Return to main Vanishing B.C. page Return to home page

Page last updated November 24, 2003

© Michael Kluckner

Sketches from 2003: The Rolla Pub, at the corner of the Sweetwater Road and the Rolla Road. Pouce Coupe is 15 km or so due south--that is, over the hill in the distance.

Rolla is a hamlet north of Dawson Creek about 10 km west of the Alberta border. It is on the checkerboard grid of roads and grainfields that is a westward extension into BC of the standard prairie grid, and part of the Peace River Block settled after the First World War. Today, with farmers and oil workers ranging easily over its paved roads and connections to the outside world as efficient as anywhere, it is hard to imagine how difficult life was before the Northern Alberta Railway arrived in Dawson Creek in 1931.


"Flooded farmhouse" on Sweetwater Road – the yellow grain covers the land like floodwater, turning copses of aspen into islands and peninsulas and marooning abandoned farmhouses, their gables and roofs all that is visible above the waving sea.

It is sitting atop a sea of oil and gas. Every mile or two today, you come upon an oil rig occupying perhaps an acre of turned-over brown earth. Usually, a small derrick with a red-painted top occupies the middle of the site, with a couple of portable structures and a handful of pickup trucks nearby. I didn't see any of the bobbing "iron ants" typical of Alberta oilfields, but maybe just missed them. The natural gas extraction and pumping stations are equally common and unobtrusive, an acre or so of valves and pipes, thick and curled like macaroni, behind high chain-link fences. Often, they sit in clearings in the aspen bush along the roadsides – for example, I sat at the entrance gate to one while painting the "flooded farmhouse" on Sweetwater Road.

A misty morning on the Peace River, about 9 a.m. on a September day promising to become fine, with smoke and steam from the gasworks at Taylor mixing with the ground fog rising from the fields. The yellow flares, hydrogen sulphide burning off as part of the "sweetening process" of the natural gas, eerily punctuate the blue-grey murk.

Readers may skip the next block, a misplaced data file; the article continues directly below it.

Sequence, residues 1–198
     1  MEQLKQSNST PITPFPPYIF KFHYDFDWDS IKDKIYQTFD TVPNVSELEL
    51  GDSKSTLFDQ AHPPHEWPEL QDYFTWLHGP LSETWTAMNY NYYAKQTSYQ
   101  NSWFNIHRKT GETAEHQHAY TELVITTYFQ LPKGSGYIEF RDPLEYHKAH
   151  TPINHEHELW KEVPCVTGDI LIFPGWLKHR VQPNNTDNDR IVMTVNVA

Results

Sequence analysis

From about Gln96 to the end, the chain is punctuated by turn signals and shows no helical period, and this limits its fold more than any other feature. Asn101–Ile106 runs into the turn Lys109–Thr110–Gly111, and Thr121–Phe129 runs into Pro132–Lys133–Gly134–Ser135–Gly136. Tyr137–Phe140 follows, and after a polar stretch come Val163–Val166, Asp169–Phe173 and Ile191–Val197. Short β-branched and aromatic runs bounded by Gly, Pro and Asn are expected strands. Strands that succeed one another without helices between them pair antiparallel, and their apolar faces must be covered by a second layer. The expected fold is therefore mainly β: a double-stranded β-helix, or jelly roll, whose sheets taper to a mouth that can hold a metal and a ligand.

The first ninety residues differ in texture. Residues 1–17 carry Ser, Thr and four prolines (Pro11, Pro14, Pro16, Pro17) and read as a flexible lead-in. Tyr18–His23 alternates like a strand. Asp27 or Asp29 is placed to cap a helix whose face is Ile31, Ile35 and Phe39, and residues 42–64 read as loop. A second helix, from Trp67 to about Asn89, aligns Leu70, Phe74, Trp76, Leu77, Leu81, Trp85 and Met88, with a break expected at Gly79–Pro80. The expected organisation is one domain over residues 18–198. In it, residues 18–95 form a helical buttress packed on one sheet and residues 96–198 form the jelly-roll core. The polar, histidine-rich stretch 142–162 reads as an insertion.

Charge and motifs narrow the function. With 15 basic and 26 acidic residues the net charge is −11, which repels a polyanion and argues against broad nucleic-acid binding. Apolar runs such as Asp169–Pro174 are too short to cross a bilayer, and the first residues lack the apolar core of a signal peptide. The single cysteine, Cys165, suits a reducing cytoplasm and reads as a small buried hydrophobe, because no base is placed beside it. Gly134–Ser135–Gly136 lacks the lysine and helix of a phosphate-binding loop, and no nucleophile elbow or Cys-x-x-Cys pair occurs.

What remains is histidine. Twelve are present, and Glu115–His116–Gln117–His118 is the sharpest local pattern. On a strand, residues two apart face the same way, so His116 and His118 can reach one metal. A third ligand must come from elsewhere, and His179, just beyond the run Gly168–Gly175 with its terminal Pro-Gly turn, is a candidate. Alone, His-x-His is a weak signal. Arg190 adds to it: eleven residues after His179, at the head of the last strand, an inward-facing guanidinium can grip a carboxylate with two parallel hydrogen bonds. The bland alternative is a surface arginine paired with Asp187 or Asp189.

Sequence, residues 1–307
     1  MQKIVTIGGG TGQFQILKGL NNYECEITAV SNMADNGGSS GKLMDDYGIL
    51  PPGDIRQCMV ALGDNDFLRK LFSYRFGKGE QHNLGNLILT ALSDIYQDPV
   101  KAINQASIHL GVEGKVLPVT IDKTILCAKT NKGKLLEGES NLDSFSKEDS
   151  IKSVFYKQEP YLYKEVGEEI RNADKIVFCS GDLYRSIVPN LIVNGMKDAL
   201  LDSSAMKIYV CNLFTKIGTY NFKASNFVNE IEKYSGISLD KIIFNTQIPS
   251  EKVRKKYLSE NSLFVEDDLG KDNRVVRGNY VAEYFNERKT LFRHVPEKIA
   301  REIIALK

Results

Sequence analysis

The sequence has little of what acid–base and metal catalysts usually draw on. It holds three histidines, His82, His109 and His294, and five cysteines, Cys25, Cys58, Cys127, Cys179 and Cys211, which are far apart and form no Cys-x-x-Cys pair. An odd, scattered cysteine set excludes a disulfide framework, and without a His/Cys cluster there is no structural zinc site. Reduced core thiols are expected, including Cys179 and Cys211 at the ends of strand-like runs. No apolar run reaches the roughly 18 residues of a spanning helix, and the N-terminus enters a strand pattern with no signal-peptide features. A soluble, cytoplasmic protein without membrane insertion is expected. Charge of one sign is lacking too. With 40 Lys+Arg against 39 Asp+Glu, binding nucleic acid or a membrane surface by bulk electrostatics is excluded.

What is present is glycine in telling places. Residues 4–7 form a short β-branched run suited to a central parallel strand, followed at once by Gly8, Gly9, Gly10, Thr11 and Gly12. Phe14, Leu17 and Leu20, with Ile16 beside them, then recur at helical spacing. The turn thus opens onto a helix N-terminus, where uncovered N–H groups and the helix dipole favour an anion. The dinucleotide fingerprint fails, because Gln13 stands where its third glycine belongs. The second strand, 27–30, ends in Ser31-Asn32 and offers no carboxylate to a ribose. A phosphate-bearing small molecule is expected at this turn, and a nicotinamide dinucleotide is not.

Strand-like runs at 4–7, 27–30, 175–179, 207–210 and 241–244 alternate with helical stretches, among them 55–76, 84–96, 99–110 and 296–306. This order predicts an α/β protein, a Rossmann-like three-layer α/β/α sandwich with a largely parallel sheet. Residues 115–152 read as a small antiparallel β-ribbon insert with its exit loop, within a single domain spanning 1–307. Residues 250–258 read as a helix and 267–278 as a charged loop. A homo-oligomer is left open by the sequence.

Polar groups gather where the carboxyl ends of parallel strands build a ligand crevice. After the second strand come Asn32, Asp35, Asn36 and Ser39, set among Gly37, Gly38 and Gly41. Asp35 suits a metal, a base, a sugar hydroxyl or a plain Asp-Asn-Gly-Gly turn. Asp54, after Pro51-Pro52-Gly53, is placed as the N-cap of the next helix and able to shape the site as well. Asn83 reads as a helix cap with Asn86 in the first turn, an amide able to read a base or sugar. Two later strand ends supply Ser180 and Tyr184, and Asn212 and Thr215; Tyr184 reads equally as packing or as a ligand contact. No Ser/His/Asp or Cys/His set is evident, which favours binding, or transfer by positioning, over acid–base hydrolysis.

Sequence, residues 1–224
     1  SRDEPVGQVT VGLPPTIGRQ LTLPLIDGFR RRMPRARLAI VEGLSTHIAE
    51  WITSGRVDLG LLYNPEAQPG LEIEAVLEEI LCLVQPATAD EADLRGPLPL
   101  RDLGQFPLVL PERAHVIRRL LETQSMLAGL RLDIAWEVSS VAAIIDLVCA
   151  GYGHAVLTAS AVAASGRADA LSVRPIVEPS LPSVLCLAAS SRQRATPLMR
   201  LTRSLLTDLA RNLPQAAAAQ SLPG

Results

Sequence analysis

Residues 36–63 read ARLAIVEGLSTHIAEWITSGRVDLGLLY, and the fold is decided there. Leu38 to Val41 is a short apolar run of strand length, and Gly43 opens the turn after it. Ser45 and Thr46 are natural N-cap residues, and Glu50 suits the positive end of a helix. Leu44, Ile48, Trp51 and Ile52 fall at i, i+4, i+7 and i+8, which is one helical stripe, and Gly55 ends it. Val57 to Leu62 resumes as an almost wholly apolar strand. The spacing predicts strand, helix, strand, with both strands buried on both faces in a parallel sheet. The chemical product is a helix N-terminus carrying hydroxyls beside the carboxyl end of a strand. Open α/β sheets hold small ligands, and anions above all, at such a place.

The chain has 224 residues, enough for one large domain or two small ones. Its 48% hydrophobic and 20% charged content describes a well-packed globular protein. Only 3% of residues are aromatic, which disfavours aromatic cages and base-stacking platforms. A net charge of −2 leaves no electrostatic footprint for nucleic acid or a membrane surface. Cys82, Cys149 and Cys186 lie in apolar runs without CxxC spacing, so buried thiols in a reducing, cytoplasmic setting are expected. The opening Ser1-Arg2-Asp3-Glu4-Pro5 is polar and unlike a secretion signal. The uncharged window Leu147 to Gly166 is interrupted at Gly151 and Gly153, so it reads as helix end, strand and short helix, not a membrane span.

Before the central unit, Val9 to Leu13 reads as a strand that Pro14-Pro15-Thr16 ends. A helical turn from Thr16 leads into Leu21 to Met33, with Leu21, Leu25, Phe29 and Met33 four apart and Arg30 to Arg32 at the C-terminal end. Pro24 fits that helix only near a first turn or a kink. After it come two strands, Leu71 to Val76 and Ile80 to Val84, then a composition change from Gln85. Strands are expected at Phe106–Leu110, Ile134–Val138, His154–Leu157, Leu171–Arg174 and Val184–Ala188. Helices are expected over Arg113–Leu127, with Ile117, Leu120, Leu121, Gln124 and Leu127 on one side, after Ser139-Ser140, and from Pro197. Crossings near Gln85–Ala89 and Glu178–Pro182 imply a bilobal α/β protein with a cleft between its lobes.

In 1957 at Taylor, the crossing point of the Peace River on the Alaska Highway south of Fort St. John, Westcoast Transmission Company completed its natural gas line from the Peace to the USA and established its main processing plant. It is one of a few spots in the Peace that is a true "industrial landscape" – the equivalent of the pulp mills or smelters that dominate towns elsewhere in the province (another is the WAC Bennett dam complex). Duke Energy bought out Westcoast Transmission and now runs the gas processing plant.

Press Release March 14, 2002: "CHARLOTTE, N.C. Duke Energy (NYSE:DUK) significantly enhanced an already strong position in the North American energy market today with the closing of the previously announced acquisition of Vancouver, British Columbia-based Westcoast Energy Inc. The transaction, valued at approximately US$8 billion based on cash, stock consideration and debt assumed, is expected to be accretive to Duke Energy’s earnings."

Duke Energy Annual Report 2002: "The British Columbia Pipeline System (BC Pipeline) consists of the field services division, with more than 1,840 miles of gathering pipelines in British Columbia, Alberta, the Yukon Territory and the Northwest Territories, as well as 22 field compressor stations; four gas processing plants located in British Columbia at Fort Nelson, Taylor, Pine River and in the Sikanni area northwest of Fort St. John, with a total contractible capacity of approximately 1.8 Bcf of residue gas per day; and three elemental sulphur recovery plants located at Fort Nelson, Taylor and Pine River. The pipeline division has approximately 1,740 miles of transmission pipelines in British Columbia and Alberta, as well as 18 mainline compressor stations."

Contact me

Return to Vanishing B.C. main page

Artwork and text ©Michael Kluckner, 2001, 2002, 2003